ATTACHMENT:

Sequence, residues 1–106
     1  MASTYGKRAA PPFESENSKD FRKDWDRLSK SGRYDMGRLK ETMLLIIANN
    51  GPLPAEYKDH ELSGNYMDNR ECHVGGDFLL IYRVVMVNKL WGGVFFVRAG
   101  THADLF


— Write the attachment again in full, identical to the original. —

Sequence, residues 1–106
     1  MASTYGKRAA PPFESENSKD FRKDWDRLSK SGRYDMGRLK ETMLLIIANN
    51  GPLPAEYKDH ELSGNYMDNR ECHVGGDFLL IYRVVMVNKL WGGVFFVRAG
   101  THADLF